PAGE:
Caritas Jordan volunteers packing aid for Syrian refugees in at the Caritas centre in Mafraq. Photo by Caritas Jordan.

By Caritas Internationalis and Caritas Jordan staff

“I like to help others,” said Madleen Qandah, a 21 years old mathematics student in Mafraq. She is volunteering with Caritas Jordan as it aids Syrian refugees fleeing violence in their own country. “I just put myself in the refugees’ shoes and treat them how I would like to be treated in the same situation,” she said.

Around 500 refugees arrive a day in Jordan according to various relief agencies. The Jordanian government says the number of Syrian refugees in the country has surpassed 110,000 people.

The influx of Syrians is putting huge pressures on the Jordanian economy and housing capacity. The country is also hosting 450,000 Iraqi refugees according to the government, who fled the conflict in Iraq that began in 2003.

Working mainly in Mafraq, Caritas Jordan teams have provided 500 families with aid such as heaters, bedding, towels, plastic mats, sanitary pads, jerry cans, milk, school and kits, hygienic kits and food since December 2011. Caritas is also referring refugees for registration with the UN refugee agency UNHCR.

In March, Caritas Jordan also distributed food and non-food items to over 300 extremely vulnerable families in Ramtha and Mafraq with the support of Caritas Germany.

The work is being carried out with the help of young parish volunteers. Together with the Caritas team, the volunteers have begun working on a distribution plan, they have learned how to deal with the refugees and distribute aid to them effectively.

A Syrian child at the Caritas Centre in Marfaq, Jordan. Photo by Caritas Jordan.

“I love to be engaged in such activities,” said Mouyad Sahawneh, 24 years old civil engineer. “Since I have recently graduated from the university and am still looking for a job, I can`t help people with money so I am really very happy that I can help at least this way and be of a benefit to my community”.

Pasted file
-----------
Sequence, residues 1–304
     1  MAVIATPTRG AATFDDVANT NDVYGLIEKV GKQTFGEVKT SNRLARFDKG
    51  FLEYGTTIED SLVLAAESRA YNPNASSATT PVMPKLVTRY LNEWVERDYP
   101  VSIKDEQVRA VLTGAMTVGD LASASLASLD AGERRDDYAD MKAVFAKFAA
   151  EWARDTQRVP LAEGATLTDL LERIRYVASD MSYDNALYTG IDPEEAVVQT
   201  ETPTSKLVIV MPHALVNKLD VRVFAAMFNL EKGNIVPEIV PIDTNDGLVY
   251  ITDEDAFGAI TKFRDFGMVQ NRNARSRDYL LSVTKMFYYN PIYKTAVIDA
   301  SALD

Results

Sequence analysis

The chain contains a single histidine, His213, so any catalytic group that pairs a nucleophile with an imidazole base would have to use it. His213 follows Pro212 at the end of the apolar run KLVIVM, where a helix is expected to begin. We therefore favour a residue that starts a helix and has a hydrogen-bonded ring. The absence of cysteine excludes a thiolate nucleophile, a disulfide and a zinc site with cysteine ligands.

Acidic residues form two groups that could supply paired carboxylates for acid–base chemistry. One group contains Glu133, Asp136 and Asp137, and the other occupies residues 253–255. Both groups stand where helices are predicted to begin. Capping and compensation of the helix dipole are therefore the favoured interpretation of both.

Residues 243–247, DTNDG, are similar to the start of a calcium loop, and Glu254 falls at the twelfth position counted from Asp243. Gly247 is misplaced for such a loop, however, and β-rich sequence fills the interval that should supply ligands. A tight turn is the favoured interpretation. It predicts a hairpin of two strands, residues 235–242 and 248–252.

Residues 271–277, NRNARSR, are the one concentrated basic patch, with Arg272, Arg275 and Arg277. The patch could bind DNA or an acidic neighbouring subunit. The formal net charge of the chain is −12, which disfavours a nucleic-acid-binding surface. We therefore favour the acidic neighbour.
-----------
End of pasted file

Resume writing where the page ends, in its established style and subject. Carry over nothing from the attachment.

Fr Francies Shahin and Fr Sami Qandah of the Catholic and Greek Melkite churches are providing logistical support to Caritas staff and volunteers to receive the refugees and give them help.

In cooperation with the Mennonite Central Committee (MCC), Caritas has also been issuing vouchers enabling Syrians to receive infant formula and nappies from a Caritas affiliated pharmacy in Mafraq.

MCC spoke with Reham*, one of the Syrian refugee receiving help from Caritas Jordan. Reham is a mother of three whose husband ran a beauty salon in Dir’a. They lived comfortably until the shop was destroyed during a government crackdown on an opposition protest last year.

The family stayed in Syria for the next year, living off their savings and in spite of the continuing violence. In February 2012, their house was bombed, leaving them with no shelter. Their lives were spared because they were visiting an uncle at the time. That was when the family decided to leave Syria.

They fled to Mafraq to  join other Syrians in the spare rooms, warehouses, schools or tents that pass for home these days.

The conditions can be tough. MCC reports of another family recieving help through Caritas in Mafraq. They live in a 20- by 14-foot room in a warehouse, with plastic bags pushed around the door to keep out the cold. The walls are mouldy and dirty. A small kitchen and a bathroom are attached.

Caritas Jordan’s Dr. Hazar Kaboshi speaks to Syrian refugee mothers with young children who are receiving free milk formula and nappies. She encourages the women to use the formula as a supplement to nursing and not a replacement. (MCC Photo/Daryl Byler)

The father is deaf and the wife has had a nervous breakdown. They have two young children. The father’s two brothers and uncle and their families live in rooms nearby. The uncle came to Jordan so that his 12-year-old son could get treatment for a bullet wound near his eye.

“I feel that I can contribute to the happiness and relief of these families,” said Wajdi Haddad, a 22 years old student and also a Caritas volunteer at the centre. Caritas Jordan says they are blessed to have these volunteers. As well as offering humanitarian aid, the volunteers are also giving respect and love to those in desperate need. The volunteers say it’s a live-changing experience.

“I used to think of volunteering more as activities inside my parish,” said Amal Haddad, an 18 years old student. “But now I understand that it is something that liberates me from social chains and makes me a productive individual to my society and neighbourhood”.

*Name changed.

Thanks to MCC for permission to use parts of Meeting basic needs of Syrian refugees in Jordan from the MCC website.